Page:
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Super Committee Under Lobbyist Assault

Unless Congress forces disclosure, money will prevail over democracy in budget cutting.

  • Mimi Murray Digby Marziani
September 16, 2011

Crossposted at Salon.

All summer, NFL owners and players faced off in bare-knuckled negotiations that threatened to scotch this year’s season. In the end, they reached a compromise. Americans have been cheering since last Thursday’s first game.

The NFL opener coincided with the start of negotiations among members of the congressional supercommittee, tasked with crafting a long-term financial plan for our country. Unfortunately, the prospects for a crowd-pleasing, conciliatory ending seem much less likely.

This powerful committee held its first public hearing on Tuesday. Its “fans” — corporate lobbyists of all stripes — went wild, rushing the Capitol and positioning to get the biggest bang for their clients’ bucks. One candidly revealed his best offensive strategy: “writing 12 really large checks.” No doubt prominent campaign contributors of past elections, like the telecom giant AT&T and the abortion-rights advocate Emily’s List, are also expecting front-row seats.

But, in the words of Supreme Court Justice Elena Kagan, “Democracy is not a game.” The committee’s choices will set the nation’s fiscal course for years — if not decades — to come, and will affect virtually all American voters, industries and communities of interest. The stakes couldn’t be higher.

There is only one way to ensure that committee members (the “supers”) stay super-focused on the general good rather than personal gains: through robust transparency. All potentially corrupting outside influences — large campaign contributors, lobbying contacts and fundraising relationships with outside political groups — must be made public.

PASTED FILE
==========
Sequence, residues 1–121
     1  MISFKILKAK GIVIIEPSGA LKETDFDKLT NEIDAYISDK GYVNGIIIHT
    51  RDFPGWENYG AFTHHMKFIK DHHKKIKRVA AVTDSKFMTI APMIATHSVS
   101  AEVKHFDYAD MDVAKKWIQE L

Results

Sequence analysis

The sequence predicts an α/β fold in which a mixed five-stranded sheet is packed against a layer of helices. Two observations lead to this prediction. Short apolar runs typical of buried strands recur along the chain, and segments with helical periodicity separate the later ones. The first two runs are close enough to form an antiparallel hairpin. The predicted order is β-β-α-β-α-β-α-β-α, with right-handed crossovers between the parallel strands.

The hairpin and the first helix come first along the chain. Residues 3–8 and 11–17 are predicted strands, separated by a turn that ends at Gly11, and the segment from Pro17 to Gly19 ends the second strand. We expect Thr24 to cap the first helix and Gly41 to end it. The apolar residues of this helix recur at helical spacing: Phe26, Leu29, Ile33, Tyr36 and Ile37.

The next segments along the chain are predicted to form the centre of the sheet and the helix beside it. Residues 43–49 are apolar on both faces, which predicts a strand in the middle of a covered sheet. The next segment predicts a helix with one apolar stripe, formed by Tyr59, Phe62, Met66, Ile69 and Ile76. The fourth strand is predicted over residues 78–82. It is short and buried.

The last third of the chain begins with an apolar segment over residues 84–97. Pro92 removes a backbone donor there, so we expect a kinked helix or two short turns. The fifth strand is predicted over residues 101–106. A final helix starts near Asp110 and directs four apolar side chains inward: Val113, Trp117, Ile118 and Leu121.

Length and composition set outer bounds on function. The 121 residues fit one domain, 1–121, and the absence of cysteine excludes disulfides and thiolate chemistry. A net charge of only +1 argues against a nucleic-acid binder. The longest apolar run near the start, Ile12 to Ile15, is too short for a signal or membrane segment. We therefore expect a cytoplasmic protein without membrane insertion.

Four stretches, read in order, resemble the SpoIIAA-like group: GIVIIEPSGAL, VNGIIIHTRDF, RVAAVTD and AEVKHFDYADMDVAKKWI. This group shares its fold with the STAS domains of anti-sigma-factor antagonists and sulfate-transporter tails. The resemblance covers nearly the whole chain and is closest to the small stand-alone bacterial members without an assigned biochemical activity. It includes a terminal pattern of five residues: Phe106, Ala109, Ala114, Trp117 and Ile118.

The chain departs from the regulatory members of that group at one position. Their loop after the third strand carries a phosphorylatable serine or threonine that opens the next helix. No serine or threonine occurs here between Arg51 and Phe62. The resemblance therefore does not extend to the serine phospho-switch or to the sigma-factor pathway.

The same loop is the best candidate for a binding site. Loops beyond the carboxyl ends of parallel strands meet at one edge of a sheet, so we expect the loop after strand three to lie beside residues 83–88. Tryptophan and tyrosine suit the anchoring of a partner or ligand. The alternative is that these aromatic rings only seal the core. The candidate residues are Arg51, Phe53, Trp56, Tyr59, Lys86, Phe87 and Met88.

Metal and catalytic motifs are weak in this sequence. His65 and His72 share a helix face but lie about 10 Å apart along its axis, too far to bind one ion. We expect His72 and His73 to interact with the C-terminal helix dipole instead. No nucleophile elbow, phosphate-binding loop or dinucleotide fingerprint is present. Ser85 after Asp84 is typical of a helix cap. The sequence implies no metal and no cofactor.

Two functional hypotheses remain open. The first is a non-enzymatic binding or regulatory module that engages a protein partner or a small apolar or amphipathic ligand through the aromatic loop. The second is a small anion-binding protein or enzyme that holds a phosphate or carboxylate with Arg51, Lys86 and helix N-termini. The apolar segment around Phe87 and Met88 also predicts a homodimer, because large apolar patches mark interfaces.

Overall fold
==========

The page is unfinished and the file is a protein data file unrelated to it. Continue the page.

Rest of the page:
The reasons for the first two are obvious. Real-time disclosure of large campaign contributions made to supers while they are deliberating is a key way for the American people to ascertain who is trying to curry favor now. Indeed, there is bipartisan support to impose a tight deadline upon such contributions — a rarity in today’s polarized political environment.

In early August, Sen. David Vitter, R-La., introduced the Super Committee Sunshine Act, which would force committee members to disclose contributions over $1,000 within a 48-hour window. In his words, “Given the important work this committee will be doing over the next four months, it’s just plain good government for the public to know what special interests are trying to influence the committee.”

Last week, Reps. Dave Loebsack, D-Iowa, Mike Quigley, D-Ill., and Jim Renacci, R-Ohio, introduced the more comprehensive Deficit Committee Transparency Act. Like its Senate counterpart, this bill would demand prompt disclosure of campaign contributions. It would also require supers and their staffs to publicly disclose meetings with lobbyists and other special interests within 48 hours.

Disclosing lobbying contacts is just plain common sense. As the Washington Post recently reported, almost 100 registered lobbyists who used to work for members of the supercommittee now represent “defense companies, health-care conglomerates, Wall Street banks and others with a vested interest in the outcome of the panel’s work.” And, half of the supers currently employ former lobbyists on their staffs. These close connections already raise the suspicion of backroom dealings. Holding meetings in secret does nothing but confirm our worst suspicions.

Unfortunately, both these bills are currently languishing in committee, and are not likely to see the light of day unless public attention forces congressional leaders to act. Even so, these measures are not enough.

The supers must also be forced to disclose their involvement in soliciting funds for supposedly independent groups that seek to influence politics. These groups — like SuperPACs, 501(c)(4)s, and trade organizations like the Chamber of Commerce — play an outsize role in today’s elections, and can be designed to shield tit-for-tat arrangements with specific candidates. Without transparency, special interests could funnel political dollars for supers through friendly third-party groups with no disclosure obligations, ensuring that their political largess never becomes public.

Supers have certainly benefited from outside spending in recent elections. In her tight reelection last year, Sen. Patty Murray, D-Wash., enjoyed more than $9 million of outside spending, helping her squeak by her Republican opponent, Dino Rossi. Sen. Pat Toomey, R-Pa., spent years as the president of the anti-tax Club for Growth, a group that spent $8.2 million on independent expenditures last election cycle. As supers anticipate future hard elections, there is no question they will want these heavy-hitting political players on their side.

The temptation to promise political favors today for electoral support tomorrow will be hard to resist. The only solution is full transparency. After all, our democracy is on the front line.